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The developing immune response in the lymph nodes of mice infected with influenza virus has both Th1- and Th2-type characteristics. Modulation of the interactions between antigen-presenting cells and T cells is one mechanism that may alter the quality of the immune response. We have previously shown that the ability of dendritic cells (DC) to stimulate the proliferation of alloreactive T cells is changed by influenza virus due to viral neuraminidase (NA) activity. Here we show that DC infected with influenza virus A/PR/8/34 (PR8) stimulate T cells to produce different types of cytokines in a dose-dependent manner. Optimal amounts of the Th1-type cytokines interleukin-2 (IL-2) and gamma interferon (IFN-γ) were produced from T cells stimulated by DC infected with low doses of PR8, while the Th2-type cytokines IL-4 and IL-10 were produced only in response to DC infected with high doses of PR8. IL-2 and IFN-γ levels corresponded with T-cell proliferation and were dependent on the activity of viral NA on the DC surface. In contrast, IL-4 secretion required the treatment of T cells with NA. Since viral particles were released only from DC that are infected with high doses of PR8, our results suggest that viral NA on newly formed virus particles desialylates T-cell surface molecules to facilitate a Th2-type response. These results suggest that the activity of NA may contribute to the mixed Th-type response observed during influenza virus infection.
The immune response to influenza virus has typical Th1-type characteristics, with production of interleukin-2 (IL-2), gamma interferon (IFN-γ), and cytotoxic T lymphocytes. However, cells that have Th2-type characteristics are also evident: in situ hybridization and enzyme-linked immunosorbent spotting analysis have demonstrated the presence of IL-4-, IL-5-, and IL-10-secreting cells in infected mice (2, 3, 26). The types of cytokines present during the initiation of an immune response are reflected by the isotypes of antibodies produced (30). The heterogeneity of influenza virus-specific antibody isotypes present in infected mice (20) may result from such mixed Th populations. It is interesting that isotype predominance depends on the replicative capacity of influenza virus and the site of immune induction (20). This suggests that the quantity of virus present in particular lymph nodes or the way in which the virus is presented at a particular site may direct the types of cytokines secreted by Th cells.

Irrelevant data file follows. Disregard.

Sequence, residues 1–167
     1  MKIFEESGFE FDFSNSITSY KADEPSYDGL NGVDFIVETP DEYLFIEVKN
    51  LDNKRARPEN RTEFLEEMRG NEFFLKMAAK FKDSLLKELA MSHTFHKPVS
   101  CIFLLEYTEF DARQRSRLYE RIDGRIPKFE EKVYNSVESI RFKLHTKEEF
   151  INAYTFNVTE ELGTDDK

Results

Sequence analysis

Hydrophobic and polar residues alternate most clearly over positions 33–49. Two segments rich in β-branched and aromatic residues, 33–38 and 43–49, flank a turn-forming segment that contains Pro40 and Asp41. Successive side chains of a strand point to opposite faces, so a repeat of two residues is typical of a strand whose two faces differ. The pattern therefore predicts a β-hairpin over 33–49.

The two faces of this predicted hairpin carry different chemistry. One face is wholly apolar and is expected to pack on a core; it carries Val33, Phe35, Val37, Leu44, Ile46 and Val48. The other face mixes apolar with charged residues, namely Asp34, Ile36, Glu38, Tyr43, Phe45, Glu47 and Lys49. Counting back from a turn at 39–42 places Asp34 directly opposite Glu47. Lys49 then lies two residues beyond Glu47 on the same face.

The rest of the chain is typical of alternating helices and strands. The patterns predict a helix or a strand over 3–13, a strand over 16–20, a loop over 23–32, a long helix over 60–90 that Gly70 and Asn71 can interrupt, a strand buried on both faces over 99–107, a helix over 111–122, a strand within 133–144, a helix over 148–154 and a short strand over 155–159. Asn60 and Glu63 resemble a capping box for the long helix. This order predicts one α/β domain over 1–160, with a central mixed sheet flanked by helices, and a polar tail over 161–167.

We therefore proposed that the quantity and quality of the T-cell response are altered by the infection of antigen-presenting cells with influenza virus. We have demonstrated that alloreactive T-cell proliferation stimulated by dendritic cells (DC), the primary antigen-presenting cell type, is altered by influenza virus in a dose-dependent manner (24). Enhanced proliferation is a result of desialylation of DC surface molecules by viral neuraminidase (NA) (23), one of the major surface glycoproteins that are required for the release of newly formed virions from the host cell (1, 18). Like NA from other sources, viral NA cleaves the terminal sialic acid from glycoconjugates on the cell surface. This substrate, sialic acid, plays an important role in regulating the interactions between cells. For example, adhesion between cells is increased (22), resulting in an enhanced capacity of DC to activate T cells (6) when the heavily sialylated glycoprotein CD43 is blocked with monoclonal antibodies. Similarly, when macrophages are treated with bacterial NA, allospecific cytotoxic-T-lymphocyte responses are enhanced (10). Interestingly, the eukaryotic lysosomal NA gene is located in the major histocompatibility complex of genes (21), suggesting that it may play a role in immunity. Indeed, it is upregulated on activated T cells (15) and has been implicated in IL-4 production. T cells from mice that lack expression of lysosomal NA do not secrete IL-4 unless treated ex vivo with soluble NA (4). It is therefore reasonable to predict that viral NA may contribute to the quality of the T-cell response during infection.